Truck driving may be one of the most dangerous professions in the United States, with drivers facing the risk of devastating truck crashes every day and suffering many on the job injuries. The Centers for Disease Control and Prevention (CDC), reported that crashes are the leading cause of on-the-job death for truck drivers in this country. According to OSHA, approximately 475,000 large trucks are involved in crashes, which result in approximately 5,360 fatalities and 142,000 injuries each year.
Truck driving can be a very stressful job, both physically and mentally demanding and be involving long hours and arduous schedules. Challenging weather, poor road conditions, and uncontrollable traffic can all add to the already high level of stress. Drivers face the risk of truck accidents every day.
Common Causes of Truck Accidents
- Truck driver fatigue
- Overloaded trucks or improperly loaded cargo
- Inexperienced or improperly trained truck drivers
- Defective truck equipment or equipment malfunction, such as improperly maintained safety equipment, faulty brakes, and tire blowouts
- Hazardous road conditions
Oftentimes, it is the trucking company that is negligent in a serious or fatal truck accident. Trucking companies have a legal duty to maintain safe practices to keep drivers and others safe on the road. This includes setting realistic deadlines for truck drivers, hiring experienced drivers, providing proper training for drivers and keeping proper truck maintenance and loading practices.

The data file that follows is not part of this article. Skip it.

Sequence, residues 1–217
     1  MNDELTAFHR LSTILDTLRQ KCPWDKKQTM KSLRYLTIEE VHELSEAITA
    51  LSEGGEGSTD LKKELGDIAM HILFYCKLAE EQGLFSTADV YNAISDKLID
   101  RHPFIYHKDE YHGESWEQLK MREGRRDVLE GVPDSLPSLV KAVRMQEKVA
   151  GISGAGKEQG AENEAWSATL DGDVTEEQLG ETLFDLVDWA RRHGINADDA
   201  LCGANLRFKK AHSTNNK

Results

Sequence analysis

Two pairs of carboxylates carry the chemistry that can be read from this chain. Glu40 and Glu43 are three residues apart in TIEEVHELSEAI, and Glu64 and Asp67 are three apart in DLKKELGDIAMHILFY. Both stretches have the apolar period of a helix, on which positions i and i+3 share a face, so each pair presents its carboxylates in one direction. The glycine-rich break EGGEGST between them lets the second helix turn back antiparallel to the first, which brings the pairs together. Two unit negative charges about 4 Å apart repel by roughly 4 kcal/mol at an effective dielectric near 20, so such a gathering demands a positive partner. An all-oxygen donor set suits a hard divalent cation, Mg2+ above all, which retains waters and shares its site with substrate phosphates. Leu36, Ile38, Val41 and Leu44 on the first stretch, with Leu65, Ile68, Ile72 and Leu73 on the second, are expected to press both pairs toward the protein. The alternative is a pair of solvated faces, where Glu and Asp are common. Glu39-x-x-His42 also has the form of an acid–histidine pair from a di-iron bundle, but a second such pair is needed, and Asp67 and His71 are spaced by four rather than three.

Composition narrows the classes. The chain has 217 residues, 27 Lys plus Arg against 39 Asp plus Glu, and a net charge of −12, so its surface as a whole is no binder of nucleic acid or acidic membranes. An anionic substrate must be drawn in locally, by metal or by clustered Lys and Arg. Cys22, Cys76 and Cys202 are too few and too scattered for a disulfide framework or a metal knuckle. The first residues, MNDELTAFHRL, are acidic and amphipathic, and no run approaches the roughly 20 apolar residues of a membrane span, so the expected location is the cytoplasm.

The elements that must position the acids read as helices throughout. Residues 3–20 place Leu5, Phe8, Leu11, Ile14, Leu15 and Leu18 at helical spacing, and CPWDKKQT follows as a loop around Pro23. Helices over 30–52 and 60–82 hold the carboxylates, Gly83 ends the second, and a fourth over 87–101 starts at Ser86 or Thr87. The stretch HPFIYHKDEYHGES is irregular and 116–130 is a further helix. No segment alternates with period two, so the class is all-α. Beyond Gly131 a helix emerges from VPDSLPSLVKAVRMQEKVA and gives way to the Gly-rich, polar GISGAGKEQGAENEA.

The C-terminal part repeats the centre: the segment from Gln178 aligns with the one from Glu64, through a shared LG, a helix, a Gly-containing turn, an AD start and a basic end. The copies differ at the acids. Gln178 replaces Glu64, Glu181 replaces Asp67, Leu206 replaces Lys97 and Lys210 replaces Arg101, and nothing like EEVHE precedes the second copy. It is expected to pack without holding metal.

A study by the Federal Motor Carrier Safety Administration (FMCSA) found that 13% of truck drivers were considered to have been fatigued at the time of their crash. Although recent regulations restrict the number of work hours for truck drivers, demands placed on drivers by trucking companies to meet tight deadlines continue to place added stress on drivers. Other factors contributing to truck driver fatigue include constantly changing sleep schedules.
FMCSA Hours of Service Regulations for Truck Drivers
- 11-hour driving limit – May drive a maximum of 11 hours after 10 consecutive hours off.
- 14-hour limit – May not drive beyond the 14th consecutive hour after coming on duty.
- Rest breaks – May drive only if 8 hours or less have passed since the end of driver’s last off-duty or sleeper berth period of at least 30 minutes.
A truck driver experiences one of the highest levels of non-fatal injuries compared to any other profession. In addition to the dangers of major traumatic injuries incurred in truck crashes, many truckers also suffer an array of other on-the-job injuries, including serious falls that may cause concussion or broken bones, musculoskeletal disorders from repetitive motions, such as lifting or climbing in and out of the cab, back pain, strains, burns, lacerations and more. These injuries may result in high medical bills, extensive rehabilitation, and loss of work.
According to TruckInfo.net, there are about 3.5 million professional truck drivers on the U.S. The Bureau of Labor Statistics forecasts job growth of 21 percent for heavy and tractor-trailer drivers over the next decade, which means there will be over 330,000 new truck drivers on the road by the year 2020. This added truck traffic is only going to increase the dangers faced by a truck driver in the U.S.
The trucking accident attorneys at Fellerman & Ciarimboli in Philadelphia, Wilkes-Barre, and Scranton are highly experienced at representing truck drivers who have been injured in truck accidents and on the job. If you were injured in a truck accident or while working for a trucking company, call the truck accident lawyers today for a free consultation. Call our Philadelphia trucking negligence attorneys at 215-575-9237 or our Wilkes-Barre trucking negligence lawyers at 570-714-HURT.